The motivation to start a business in the Slovak Republic differs from other European countries. Only about 40% of adults would start a business to make a difference in the world, and for about 35% the motivation is to build great wealth or high income. These values are lower than in most of the other OECD countries surveyed. Continuing a family tradition is motivating for fewer than 3 out of 10 adults, but more 6 out of 10 stated that their main motivation is to earn a living. The Slovak Republic has among the highest rates in the EU of entrepreneurs citing scarcity of jobs as the motivation to start their business (Bosma, 2020).

Despite the relatively high entrepreneurship activity rate, the perception of adults is that there are insufficient opportunities and most believe that their area has a bad environment for starting a new business. Only about 37% of adults perceived that there were good opportunities to start a new business in their area in 2018, lower than the OECD average, but with France, Italy Greece, and Spain scoring even lower (Figure 2.26). In addition, only one-quarter of adults believed that it is easy to start a business in the Slovak Republic, which placed the Slovak Republic together with Israel in the lowest-rank position in 2019 among 50 surveyed countries (Bosma, 2020).

Entrepreneurial attitudes among adults in the Slovak Republic illustrate that quite a sizeable proportion of the population consider themself as potential entrepreneurs. Slovaks generally see themselves as capable of starting a new business, with more than a half of adults declaring that they possess the knowledge and skills to do so. Among the surveyed OECD countries, only Canada and the United States scored higher, with the OECD average around 45%. Similarly, potential entrepreneurs had less fear of failure in the Slovak Republic than in any other surveyed OECD country in 2018. Consequently, Slovak adults considered an entrepreneurial career more frequently than their OECD counterparts, with 14% of current non-entrepreneurs intending to start a business (Figure 2.26).

The Slovak Republic is a relatively young market economy and attitudes towards entrepreneurship have undergone some fluctuations over time. While still low compared to the OECD average in 2019, the percentage of adults that see good opportunities to start a business in the area where they live more than doubled since 2013. During the same period, early entrepreneurial activity increased slightly, by about 4 percentage points from a low of 9% in 2016. Intentions to start a business in the next three years on the other hand were lower in 2019 than between 2013 and 2015 (Figure 2.27).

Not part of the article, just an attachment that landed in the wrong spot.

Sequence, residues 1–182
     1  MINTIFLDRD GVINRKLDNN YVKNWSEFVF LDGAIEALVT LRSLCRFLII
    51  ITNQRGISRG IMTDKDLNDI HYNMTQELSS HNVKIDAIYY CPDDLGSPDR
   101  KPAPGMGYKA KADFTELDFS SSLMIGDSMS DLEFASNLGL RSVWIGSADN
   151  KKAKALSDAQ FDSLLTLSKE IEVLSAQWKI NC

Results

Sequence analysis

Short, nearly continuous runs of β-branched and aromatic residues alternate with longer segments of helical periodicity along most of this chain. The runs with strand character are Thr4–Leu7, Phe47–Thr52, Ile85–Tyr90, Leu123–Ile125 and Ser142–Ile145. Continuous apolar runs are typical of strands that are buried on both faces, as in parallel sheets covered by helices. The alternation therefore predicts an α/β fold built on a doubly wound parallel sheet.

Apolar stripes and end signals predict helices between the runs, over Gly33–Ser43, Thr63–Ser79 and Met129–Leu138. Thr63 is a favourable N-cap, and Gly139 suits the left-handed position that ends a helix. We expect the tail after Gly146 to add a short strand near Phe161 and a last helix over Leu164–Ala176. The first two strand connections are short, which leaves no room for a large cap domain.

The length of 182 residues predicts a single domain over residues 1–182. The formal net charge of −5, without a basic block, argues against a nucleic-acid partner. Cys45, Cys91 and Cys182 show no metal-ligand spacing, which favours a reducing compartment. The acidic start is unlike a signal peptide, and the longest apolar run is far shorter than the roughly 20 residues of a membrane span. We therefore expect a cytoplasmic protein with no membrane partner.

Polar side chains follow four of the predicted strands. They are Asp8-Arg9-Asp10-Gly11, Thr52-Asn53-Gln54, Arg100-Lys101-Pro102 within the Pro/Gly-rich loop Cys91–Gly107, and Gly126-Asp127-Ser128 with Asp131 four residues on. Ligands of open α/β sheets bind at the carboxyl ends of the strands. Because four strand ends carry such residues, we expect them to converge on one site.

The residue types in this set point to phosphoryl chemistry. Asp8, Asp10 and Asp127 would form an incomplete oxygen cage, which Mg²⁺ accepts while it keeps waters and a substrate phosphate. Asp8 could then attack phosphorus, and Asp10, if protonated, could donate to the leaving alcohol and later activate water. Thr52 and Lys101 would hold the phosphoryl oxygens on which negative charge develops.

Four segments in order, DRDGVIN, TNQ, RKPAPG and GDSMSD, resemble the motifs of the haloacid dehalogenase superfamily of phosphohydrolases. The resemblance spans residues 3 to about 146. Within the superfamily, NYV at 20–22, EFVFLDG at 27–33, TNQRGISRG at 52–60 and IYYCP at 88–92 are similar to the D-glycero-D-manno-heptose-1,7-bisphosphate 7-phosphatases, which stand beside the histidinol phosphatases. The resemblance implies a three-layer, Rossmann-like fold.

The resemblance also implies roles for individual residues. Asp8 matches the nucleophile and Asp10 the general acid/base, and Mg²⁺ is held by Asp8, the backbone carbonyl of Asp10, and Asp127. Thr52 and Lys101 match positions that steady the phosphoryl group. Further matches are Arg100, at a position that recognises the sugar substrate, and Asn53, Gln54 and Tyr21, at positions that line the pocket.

Female entrepreneurship in the Slovak Republic is relatively rare in an international context and has been declining over the past decade. In 2017, only 1.8% of employed women in the Slovak Republic were entrepreneurs, defined as self-employed with employees, similar to Iceland or Finland and well below the average for OECD countries. This share was down from 2.1% in 2011 (Figure 2.28). Men were twice as likely to be self-employed with employees, a share which increased since 2011. On the other hand, the share of self-employed women as a whole (with and without employees) increased from 7.5% to 8.4% (as a percentage of all women), while and the share of self-employed men fell from 16.2% to 14.8% over the same period. This suggests that women become entrepreneurs more often out of necessity (OECD, 2020).

In the Slovak Republic, 89% of the female self-employed were in services in 2017 compared with 40% for men. This is the largest gender gap in service sector entrepreneurship across the OECD countries (Figure 2.29, figure on the right). The share of self-employed women in manufacturing sectors in the Slovak Republic is around the OECD average at about 4% of female entrepreneurs. For male entrepreneurs, 14% are in manufacturing, higher only in Canada and the Czech Republic among OECD countries (Figure 2.29, figure on the left).

The Slovak Republic has a higher proportion of youth in entrepreneurship than is the case in most other OECD countries. About 14% of employed men between 20 and 29 years old were self-employed in 2018, only about half a percentage point less than for the general population. Young women were even more entrepreneurial than an average woman in the Slovak Republic, with more than 8% self-employed as compared to 5% in general population (Figure 2.30)